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Upgraded Covid-19 Boosters Could Save 90,000 American Lives This Winter—If We Get Them

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The toll of covid-19 in the U.S. this winter will depend heavily on how many Americans are able and willing to get an upgraded booster shot, suggests a new expert analysis. Even a moderately successful booster campaign would save tens of thousands of lives as well as billions of dollars in medical costs, researchers with the Commonwealth Fund predict. Currently, however, booster rates are abysmally low.

The passage of time and the emergence of new variants, particularly the Omicron variant, have weakened the ability of the original vaccines to prevent infection and illness from the coronavirus. But they’ve remained very effective at preventing severe illness and death, and for those at higher risk, such as the elderly, the first round of booster doses have further lowered the odds of serious outcomes from infection.

Throughout the pandemic, the Commonwealth Fund—a nonprofit organization focused on health care reform—has conducted research trying to quantify the exact benefits of covid-19 vaccination. Their latest report, released Wednesday, is an update to a similar analysis conducted in July. Since then, the Food and Drug Administration has authorized the release of an upgraded booster dose for the general public, one meant to boost immunity to both the original strain of the coronavirus and the most common Omicron variants now circulating in the world.

This time, the researchers plotted out three forecasts for the country from October through March 2023, assuming that covid cases will once again surge this winter. In the baseline scenario, the current daily rate of Americans getting boosted would remain the same. In another, around 50% of eligible people would get boosted by the end of the year, mirroring the rate of seasonal flu vaccination during the 2020 to 2021 winter. And in the last, 80% of eligible Americans would get the booster.

Under the status quo, the researchers predict that the country would once again experience a wave of death and illness, though not as huge as those seen in past winters. At its peak, they estimated, covid-19 would kill up to 1,200 Americans a day, while hospitalizing another 16,000 (last winter saw a sustained average of over 2,000 deaths a day and nearly 150,000 Americans hospitalized at any one time). But under either of the other two scenarios, daily deaths would be kept below 400.

Overall, the roughly 50% vaccination scenario was estimated to result in ​​​​​75,347 fewer deaths, 745,409 fewer hospitalizations, and over 19 million fewer infections, while the 80% vaccination scenario would prevent around 90,000 deaths, 936,000 hospitalizations, and over 25 million infections. The savings in direct medical costs would also range from $44 billion to $56 billion.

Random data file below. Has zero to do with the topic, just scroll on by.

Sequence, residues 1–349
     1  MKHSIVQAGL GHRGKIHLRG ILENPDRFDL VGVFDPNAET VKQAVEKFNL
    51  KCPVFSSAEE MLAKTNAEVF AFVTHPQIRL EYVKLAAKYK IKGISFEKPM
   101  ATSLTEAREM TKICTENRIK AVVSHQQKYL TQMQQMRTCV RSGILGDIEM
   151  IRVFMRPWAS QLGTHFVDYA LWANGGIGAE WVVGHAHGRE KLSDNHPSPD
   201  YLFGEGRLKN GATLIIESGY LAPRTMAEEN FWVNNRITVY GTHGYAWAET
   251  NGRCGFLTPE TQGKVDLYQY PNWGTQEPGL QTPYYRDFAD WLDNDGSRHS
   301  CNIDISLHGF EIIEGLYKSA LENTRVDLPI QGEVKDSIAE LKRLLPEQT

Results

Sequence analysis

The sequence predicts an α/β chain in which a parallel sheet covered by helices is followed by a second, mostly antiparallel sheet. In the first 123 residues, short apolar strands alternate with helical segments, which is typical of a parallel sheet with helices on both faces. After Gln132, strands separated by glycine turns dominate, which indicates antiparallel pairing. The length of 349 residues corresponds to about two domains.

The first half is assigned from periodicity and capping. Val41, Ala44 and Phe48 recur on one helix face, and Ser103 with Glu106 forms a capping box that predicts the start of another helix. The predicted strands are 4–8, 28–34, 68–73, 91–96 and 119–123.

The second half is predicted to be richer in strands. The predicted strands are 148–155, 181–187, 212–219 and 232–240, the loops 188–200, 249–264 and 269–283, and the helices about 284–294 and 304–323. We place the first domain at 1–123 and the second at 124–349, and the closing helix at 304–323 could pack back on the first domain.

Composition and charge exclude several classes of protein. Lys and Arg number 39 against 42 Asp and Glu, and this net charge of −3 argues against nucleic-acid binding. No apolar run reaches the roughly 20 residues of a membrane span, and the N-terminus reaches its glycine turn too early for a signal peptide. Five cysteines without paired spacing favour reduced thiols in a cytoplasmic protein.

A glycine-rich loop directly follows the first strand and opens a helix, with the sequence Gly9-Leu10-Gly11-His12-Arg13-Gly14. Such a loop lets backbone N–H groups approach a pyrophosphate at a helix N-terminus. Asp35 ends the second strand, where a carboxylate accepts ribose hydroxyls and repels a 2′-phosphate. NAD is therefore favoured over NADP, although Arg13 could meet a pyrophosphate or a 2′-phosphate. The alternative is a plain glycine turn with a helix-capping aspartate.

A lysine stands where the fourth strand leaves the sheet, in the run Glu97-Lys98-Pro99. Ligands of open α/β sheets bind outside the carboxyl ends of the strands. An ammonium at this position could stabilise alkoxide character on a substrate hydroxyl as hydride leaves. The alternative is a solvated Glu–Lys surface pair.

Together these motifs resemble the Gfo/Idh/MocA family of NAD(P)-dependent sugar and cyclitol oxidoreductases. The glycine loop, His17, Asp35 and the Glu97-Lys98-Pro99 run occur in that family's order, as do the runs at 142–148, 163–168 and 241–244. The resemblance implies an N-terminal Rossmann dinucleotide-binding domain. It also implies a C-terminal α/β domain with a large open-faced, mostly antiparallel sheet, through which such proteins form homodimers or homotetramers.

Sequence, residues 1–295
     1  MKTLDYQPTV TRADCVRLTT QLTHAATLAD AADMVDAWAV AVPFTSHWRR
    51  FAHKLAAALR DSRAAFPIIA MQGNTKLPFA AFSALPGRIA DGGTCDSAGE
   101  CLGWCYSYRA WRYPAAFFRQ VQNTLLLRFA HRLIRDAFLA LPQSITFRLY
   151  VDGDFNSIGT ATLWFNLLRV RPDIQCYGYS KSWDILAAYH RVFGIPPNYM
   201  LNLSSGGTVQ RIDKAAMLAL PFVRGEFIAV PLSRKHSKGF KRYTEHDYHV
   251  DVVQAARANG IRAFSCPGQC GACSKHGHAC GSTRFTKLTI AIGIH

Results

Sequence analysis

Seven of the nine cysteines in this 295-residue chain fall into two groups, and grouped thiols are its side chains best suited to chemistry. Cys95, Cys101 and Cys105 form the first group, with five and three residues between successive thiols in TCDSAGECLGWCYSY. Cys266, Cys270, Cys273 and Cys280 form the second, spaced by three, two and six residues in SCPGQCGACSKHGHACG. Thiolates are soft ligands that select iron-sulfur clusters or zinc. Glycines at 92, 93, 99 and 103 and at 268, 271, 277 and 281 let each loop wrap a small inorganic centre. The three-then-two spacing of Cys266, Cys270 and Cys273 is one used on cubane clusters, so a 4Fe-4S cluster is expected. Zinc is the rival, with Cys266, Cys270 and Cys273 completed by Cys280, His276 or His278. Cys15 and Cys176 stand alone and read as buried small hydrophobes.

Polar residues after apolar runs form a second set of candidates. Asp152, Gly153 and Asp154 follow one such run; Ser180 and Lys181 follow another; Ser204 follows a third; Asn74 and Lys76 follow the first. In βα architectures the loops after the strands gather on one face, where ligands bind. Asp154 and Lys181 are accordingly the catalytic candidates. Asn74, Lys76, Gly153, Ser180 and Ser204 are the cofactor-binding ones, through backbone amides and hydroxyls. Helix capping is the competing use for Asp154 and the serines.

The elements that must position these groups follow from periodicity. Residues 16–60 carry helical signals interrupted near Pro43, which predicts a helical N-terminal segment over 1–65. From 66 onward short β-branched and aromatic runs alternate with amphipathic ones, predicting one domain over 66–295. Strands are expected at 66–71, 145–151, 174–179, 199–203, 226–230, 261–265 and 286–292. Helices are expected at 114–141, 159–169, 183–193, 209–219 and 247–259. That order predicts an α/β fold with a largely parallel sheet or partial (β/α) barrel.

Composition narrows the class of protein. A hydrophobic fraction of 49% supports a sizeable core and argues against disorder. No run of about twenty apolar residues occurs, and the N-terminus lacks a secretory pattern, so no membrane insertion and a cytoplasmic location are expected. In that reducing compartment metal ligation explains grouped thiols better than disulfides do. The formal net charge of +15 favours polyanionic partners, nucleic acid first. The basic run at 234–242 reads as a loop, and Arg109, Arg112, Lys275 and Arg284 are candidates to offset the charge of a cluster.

“The recent FDA approval of bivalent boosters offers an opportunity to curb transmission; a vaccination campaign that moves aggressively could avert a surge of hospitalizations and deaths, and save money in the process,” the authors wrote.

The authors note that many of the assumptions they’ve made in these forecasts might lead to a conservative estimate of the benefits provided by a successful booster campaign.

For instance, research has suggested that the upgraded shots should provide even stronger and perhaps longer-lasting protection against the current iteration of the coronavirus than the original boosters. But the authors assumed that the added level of protection seen with these shots would be about the same as that provided by the original boosters against the primary Omicron variant seen last winter. Cases of covid-19 this winter might also be higher than they predicted, especially if a new variant better at partially evading previous immunity once again emerges. The analysis also didn’t look at the potential impact of long covid, which vaccines seem to reduce the risk of.

As things stand now, however, even a modestly effective booster campaign isn’t certain. Only around 5% of eligible Americans have gotten the upgraded boosters to date. Some of this lag might be due to timing, since it’s recommended that people wait at least three months following their last covid-19 case to get a new booster. But the U.S. has already done worse at boosting its residents than many peer countries, with less than half of Americans having gotten their first booster. That said, a recent Pew survey has indicated that 48% of Americans have gotten or plan to get the upgraded boosters.

Without a more dedicated effort and funding to promote and deliver those shots, though, the authors caution that we’re gearing up to see many more preventable deaths and hospitalizations this winter.

“As population immunity wanes and new variants capable of evading protection from earlier vaccines and natural infection continue to emerge, surges in hospitalizations and deaths during the upcoming fall and winter are increasingly likely. Federal funding for COVID-19 vaccines and treatments has stagnated, hindering access at a crucial time,” they wrote.

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Source: Gizmodo

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